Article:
School librarians are required to have a graduate course in copyright law, and it was one of my favorites for its practicality. It’s relatively easy to understand when applied to the rights of the creator, however, this understanding can become muddled when Fair Use is applied. Librarians not only manage resources but have a professional code of ethics to follow, in which one of the eight articles specifically mentions copyright. With this knowledge, school librarians have a responsibility to provide guidance in how resources are viewed, used, copied, and streamed within the public-school setting.
Years ago, before technology provided fingertips easy access to a plethora of resources, there were simple guidelines for using music, photocopying print materials, and viewing videos. Not only has technology changed how we retrieve resources, but it has also drastically changed how we share resources - like videos.
Streaming videos from Hulu, Disney+, Amazon Prime, and Netflix into the school environment is quite easy to do but the licensing agreement applies to the subscriber’s in-home use only. Even with a movie license purchased through SWANK/Movie Licensing USA and Motion Picture Licensing Corp. (which may be purchased through the Library 510 CoSer), streaming a movie from a personal account is not permitted.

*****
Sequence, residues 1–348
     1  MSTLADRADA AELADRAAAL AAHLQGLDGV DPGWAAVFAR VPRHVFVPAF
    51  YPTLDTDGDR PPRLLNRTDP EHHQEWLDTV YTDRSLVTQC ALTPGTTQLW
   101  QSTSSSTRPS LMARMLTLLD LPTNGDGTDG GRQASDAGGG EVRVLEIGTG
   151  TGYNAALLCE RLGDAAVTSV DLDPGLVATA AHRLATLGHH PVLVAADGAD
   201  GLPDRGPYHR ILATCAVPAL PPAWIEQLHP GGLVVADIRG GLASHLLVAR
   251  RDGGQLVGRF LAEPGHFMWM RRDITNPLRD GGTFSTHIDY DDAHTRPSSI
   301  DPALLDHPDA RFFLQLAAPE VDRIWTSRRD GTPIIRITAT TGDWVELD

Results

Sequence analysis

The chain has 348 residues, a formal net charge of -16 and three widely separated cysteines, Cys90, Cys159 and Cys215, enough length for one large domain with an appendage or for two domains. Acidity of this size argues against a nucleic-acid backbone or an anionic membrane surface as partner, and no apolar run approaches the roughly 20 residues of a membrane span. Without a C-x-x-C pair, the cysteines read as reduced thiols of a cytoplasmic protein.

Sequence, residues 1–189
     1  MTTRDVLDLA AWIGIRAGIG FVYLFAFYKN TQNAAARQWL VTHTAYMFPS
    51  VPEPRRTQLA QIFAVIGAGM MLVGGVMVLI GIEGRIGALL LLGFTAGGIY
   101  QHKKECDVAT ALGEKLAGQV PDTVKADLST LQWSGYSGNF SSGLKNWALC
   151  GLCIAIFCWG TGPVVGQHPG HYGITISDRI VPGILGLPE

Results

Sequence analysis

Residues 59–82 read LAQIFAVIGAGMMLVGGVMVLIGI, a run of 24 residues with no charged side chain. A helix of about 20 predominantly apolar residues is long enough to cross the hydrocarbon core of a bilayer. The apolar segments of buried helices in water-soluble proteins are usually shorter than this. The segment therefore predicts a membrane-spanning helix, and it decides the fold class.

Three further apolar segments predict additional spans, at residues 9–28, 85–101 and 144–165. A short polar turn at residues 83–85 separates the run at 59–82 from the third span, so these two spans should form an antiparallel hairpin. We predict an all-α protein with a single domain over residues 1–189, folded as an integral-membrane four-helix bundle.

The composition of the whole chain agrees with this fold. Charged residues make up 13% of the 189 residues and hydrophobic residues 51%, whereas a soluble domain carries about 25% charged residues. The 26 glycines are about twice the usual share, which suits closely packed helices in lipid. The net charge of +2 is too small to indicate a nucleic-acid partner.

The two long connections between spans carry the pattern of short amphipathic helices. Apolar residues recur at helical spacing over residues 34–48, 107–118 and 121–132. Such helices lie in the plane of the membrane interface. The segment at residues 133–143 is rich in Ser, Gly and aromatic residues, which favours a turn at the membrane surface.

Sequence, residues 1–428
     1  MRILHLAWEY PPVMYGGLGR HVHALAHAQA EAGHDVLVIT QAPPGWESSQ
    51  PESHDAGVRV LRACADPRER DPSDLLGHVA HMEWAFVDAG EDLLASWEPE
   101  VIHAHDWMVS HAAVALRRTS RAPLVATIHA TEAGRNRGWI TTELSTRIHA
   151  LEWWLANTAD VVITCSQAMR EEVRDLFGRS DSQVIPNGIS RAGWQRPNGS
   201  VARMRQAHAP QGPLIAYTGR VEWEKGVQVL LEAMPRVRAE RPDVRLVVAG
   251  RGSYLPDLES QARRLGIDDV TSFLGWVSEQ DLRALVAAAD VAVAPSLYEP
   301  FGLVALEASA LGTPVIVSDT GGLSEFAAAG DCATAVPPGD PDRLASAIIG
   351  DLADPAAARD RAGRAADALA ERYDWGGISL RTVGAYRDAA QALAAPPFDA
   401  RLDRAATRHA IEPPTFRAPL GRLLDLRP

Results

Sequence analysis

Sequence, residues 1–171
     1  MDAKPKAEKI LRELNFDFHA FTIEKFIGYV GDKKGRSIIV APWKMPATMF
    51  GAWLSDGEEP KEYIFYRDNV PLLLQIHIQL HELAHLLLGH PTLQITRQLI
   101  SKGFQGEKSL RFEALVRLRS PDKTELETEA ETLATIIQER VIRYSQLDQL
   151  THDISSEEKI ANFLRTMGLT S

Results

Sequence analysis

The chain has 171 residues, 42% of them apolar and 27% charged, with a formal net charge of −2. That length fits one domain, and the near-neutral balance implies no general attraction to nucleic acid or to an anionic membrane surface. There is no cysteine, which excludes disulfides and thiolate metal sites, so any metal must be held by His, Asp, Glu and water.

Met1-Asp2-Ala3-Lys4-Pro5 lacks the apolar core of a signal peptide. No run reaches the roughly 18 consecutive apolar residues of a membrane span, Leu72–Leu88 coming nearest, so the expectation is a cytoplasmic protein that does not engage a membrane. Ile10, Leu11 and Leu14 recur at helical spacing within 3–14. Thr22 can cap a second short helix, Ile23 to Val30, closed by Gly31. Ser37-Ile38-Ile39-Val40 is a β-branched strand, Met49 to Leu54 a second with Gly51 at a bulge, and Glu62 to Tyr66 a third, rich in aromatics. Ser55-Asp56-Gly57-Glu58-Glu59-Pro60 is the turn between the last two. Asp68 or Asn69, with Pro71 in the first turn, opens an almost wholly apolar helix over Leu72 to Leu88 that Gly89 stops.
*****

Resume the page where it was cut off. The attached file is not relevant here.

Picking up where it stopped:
So how do educators use videos for classroom use? There are three options. One is to use a physical DVD and measure its use against a Fair Use checklist, like this one from Cornell University: https://copyright.cornell.edu/sites/default/files/2016-10/Fair_Use_Checklist.pdf The DVD may be from a home collection, rented from a vendor like RedBox, or borrowed from a library.
The second option is to use streamed videos from CA BOCES’ Learning Resources. PBS, Discovery Ed, and CCC Streaming. Videos are educational, entertaining, complement curricula, and have already been vetted for Fair Use.
The third option is purchasing video streaming services through SWANK/Movie Licensing USA. It is rather inexpensive and offers 200 popular titles frequently requested by educators. Additionally, a school may submit an additional 15 titles into the collection.
What if an educator, parent group, or student club would like to host a movie viewing for entertainment? An umbrella movie license is required and is relatively inexpensive when purchased through the Library 510 CoSer. If a movie’s title is within the bank of titles listed, the video may be shown but it cannot be streamed from a personal account. Many schools choose to have a community event and host a free movie night. Snacks and beverages may be sold to raise funds. If admission is charged for viewing the movie, it must be applied to the cost of the movie license.
Although this is a quick overview due to limited space, I am happy to provide you with further information or answer additional questions. Please do not hesitate to reach out to me at Cecelia_Fuoco@caboces.org or (716) 376-8206.
By: Cece Fuoco, CA BOCES Learning Resources
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